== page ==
Remark 3.3. Similar to Remark 3.1, for the CCCP(F_{i}), where F_{i} is defined as in (15)
(i = 1, 2), we use the same skills to define

H_{i1}(x) =

µ1(x)
...
µ_{1}(x)
µ1(Fi(x)).

∈ IR^{n}

with i = 1, 2. Then, we obtain a solution of the CCQEiCP (14) via using Newton method
for solving the equation H_{i1}(x) = 0 (i = 1, 2).

Next, we consider two special classes of the circular cone complementarity problems, which have the following forms:

CCCP(G_{4}) :

x ∈ L_{θ}, λ ≥ 0,

λ^{2}Ax + λBx + Cx ∈ (L_{θ})^{∗}, a^{T}x − 1 ≥ 0,
x^{T}(λ^{2}Ax + λBx + Cx) + λ(a^{T}x − 1) = 0,

(16)

and

CCCP(G_{5}) :

x ∈ L_{θ}, λ ≥ 0,

λ^{2}Ax − λBx + Cx ∈ (L_{θ})^{∗}, a^{T}x − 1 ≥ 0,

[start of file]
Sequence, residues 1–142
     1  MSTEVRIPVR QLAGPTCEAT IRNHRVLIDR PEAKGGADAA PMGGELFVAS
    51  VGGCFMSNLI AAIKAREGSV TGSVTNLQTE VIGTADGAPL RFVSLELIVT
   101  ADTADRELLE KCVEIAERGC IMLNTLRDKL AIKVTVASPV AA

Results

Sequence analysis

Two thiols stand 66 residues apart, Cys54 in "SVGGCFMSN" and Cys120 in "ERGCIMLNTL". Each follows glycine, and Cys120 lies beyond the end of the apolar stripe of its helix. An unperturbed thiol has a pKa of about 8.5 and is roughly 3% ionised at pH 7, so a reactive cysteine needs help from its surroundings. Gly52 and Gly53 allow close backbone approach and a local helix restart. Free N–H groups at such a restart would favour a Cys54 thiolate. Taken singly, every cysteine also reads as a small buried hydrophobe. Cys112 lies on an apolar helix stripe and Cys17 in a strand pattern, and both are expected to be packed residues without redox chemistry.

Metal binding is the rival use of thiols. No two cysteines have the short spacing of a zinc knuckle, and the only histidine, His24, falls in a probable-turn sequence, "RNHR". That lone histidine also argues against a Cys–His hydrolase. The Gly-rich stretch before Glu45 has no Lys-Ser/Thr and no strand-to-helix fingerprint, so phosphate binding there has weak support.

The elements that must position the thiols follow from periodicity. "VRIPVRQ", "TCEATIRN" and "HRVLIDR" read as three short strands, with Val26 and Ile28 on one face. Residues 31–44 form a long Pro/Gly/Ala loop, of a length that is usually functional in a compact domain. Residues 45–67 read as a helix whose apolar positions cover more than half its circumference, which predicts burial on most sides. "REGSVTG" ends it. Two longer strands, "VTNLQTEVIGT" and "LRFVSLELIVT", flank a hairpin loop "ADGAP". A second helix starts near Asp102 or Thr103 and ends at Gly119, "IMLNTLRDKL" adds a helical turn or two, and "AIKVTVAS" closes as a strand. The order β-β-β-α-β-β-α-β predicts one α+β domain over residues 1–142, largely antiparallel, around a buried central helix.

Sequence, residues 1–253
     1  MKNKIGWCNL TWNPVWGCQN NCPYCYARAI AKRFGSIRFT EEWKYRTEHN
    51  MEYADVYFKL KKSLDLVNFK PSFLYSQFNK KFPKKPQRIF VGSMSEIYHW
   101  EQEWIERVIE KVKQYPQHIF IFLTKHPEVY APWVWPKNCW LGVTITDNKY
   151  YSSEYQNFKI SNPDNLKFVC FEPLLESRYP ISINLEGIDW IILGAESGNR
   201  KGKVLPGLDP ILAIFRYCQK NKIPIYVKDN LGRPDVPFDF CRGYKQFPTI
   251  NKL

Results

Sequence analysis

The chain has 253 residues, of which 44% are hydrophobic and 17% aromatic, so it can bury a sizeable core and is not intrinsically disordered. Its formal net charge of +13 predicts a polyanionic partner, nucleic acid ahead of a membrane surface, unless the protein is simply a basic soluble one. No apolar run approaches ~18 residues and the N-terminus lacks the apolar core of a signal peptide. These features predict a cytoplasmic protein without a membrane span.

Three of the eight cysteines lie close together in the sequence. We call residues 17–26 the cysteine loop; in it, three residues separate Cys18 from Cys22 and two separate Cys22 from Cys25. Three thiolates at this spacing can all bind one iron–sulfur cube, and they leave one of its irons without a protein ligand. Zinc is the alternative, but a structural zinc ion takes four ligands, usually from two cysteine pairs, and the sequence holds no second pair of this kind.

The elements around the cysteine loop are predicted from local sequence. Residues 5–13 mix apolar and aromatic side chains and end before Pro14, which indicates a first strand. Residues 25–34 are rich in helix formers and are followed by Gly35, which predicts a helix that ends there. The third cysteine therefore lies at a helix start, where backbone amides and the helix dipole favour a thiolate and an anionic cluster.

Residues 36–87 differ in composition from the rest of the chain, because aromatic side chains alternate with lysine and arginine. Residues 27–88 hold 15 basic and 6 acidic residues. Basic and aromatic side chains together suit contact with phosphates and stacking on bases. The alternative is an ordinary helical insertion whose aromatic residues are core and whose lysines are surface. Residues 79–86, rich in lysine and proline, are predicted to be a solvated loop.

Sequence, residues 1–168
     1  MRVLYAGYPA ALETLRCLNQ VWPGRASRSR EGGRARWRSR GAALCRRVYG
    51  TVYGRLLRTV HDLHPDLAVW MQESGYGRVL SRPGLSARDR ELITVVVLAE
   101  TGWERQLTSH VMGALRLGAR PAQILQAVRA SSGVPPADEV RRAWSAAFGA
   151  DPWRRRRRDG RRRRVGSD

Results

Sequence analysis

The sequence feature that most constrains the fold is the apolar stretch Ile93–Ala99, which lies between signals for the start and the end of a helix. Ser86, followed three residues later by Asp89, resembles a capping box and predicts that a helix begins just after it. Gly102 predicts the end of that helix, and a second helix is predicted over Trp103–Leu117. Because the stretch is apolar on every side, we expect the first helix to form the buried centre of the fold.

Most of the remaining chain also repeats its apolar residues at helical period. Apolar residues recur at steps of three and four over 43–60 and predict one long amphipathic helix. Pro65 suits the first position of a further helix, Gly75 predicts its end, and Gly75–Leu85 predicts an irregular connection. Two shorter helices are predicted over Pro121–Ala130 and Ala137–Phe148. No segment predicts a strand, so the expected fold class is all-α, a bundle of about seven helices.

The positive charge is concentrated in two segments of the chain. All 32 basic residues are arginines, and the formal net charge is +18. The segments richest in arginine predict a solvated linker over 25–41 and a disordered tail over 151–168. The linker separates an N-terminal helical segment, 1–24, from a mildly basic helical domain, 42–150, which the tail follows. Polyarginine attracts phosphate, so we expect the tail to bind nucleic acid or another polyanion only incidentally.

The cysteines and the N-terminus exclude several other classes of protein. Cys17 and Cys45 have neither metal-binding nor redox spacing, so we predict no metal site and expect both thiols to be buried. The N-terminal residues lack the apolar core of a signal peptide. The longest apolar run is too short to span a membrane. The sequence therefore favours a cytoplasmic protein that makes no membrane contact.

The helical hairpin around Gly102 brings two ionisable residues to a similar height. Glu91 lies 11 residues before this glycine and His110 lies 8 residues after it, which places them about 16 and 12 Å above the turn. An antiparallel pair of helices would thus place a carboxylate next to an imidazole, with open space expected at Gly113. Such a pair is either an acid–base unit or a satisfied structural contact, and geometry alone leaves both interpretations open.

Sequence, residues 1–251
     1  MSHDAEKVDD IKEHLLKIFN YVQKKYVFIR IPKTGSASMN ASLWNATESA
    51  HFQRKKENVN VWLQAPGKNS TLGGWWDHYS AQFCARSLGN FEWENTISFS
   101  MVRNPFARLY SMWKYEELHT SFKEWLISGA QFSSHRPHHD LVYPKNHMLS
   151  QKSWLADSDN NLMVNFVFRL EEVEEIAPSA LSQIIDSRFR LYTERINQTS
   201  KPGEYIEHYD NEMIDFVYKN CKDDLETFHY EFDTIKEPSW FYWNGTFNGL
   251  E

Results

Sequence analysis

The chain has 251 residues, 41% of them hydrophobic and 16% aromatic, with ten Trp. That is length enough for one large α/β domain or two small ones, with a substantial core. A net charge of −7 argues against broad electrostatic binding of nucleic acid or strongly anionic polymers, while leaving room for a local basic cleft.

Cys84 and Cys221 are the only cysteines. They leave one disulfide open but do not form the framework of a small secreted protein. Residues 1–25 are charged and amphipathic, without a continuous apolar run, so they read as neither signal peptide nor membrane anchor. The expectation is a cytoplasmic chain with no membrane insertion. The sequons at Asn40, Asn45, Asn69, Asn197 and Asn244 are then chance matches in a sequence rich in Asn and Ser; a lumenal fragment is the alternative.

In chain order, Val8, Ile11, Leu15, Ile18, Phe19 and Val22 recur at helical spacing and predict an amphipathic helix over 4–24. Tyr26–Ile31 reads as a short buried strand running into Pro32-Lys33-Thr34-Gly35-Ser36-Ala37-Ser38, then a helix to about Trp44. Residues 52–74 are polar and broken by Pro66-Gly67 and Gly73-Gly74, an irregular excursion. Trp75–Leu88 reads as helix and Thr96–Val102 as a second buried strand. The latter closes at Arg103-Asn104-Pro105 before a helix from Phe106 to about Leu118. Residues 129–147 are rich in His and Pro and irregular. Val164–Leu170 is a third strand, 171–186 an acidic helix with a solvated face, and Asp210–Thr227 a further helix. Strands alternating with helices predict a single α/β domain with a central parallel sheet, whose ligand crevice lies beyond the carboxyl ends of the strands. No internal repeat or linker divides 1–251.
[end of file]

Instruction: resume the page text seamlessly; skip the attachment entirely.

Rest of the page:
x^{T}(λ^{2}Ax − λBx + Cx) + λ(a^{T}x − 1) = 0,

(17)

Similar to the cases of the CCEiCP (3), We will show the relationship between the
CCQEiCP(A, B, C), the CCLCP(C, 0) and the CCCP(G_{i}) for i = 4, 5.

Theorem 3.5. Let (x^{∗}, λ^{∗}) solves the CCQEiCP(A,B,C) (14). Then, the following hold.

(a) If λ^{∗} > 0, then (x^{∗}, λ^{∗}) solves the CCCP(G_{4}) (16).

(b) If λ^{∗} < 0, then (x^{∗}, −λ^{∗}) solves the CCCP(G_{5}) (17).

(c) If λ^{∗} = 0, then x^{∗} solves the CCLCP(C,0) (10).

Proof. From the assumption that (x^{∗}, λ^{∗}) solves the CCQEiCP(A,B,C) (14), we have
x^{∗} ∈ Lθ, (λ^{∗})^{2}Ax^{∗}+ λ^{∗}Bx^{∗}+ Cx^{∗} ∈ (Lθ)^{∗}, (x^{∗})^{T}(λ^{∗})^{2}Ax^{∗}+ λ^{∗}Bx^{∗}+ Cx^{∗} = 0
and a^{T}x^{∗} = 1. To proceed, we discuss three cases.

Case (a): if λ^{∗} > 0, then we have

(x^{∗})^{T}[(λ^{∗})^{2}Ax^{∗}+ λ^{∗}Bx^{∗}+ Cx^{∗}] + λ^{∗}(a^{T}x^{∗}− 1) = 0.

This implies that (x^{∗}, λ^{∗}) solves the CCCP(G_{4}) (16).

Case (b): if λ^{∗} < 0, then we have −λ^{∗} > 0 and

(x^{∗})^{T}(λ^{∗})^{2}Ax^{∗}− λ^{∗}Bx^{∗}+ Cx^{∗} − λ^{∗}(a^{T}x^{∗}− 1) = 0.

This indicates that (x^{∗}, −λ^{∗}) solves the CCCP(G_{5}) (17).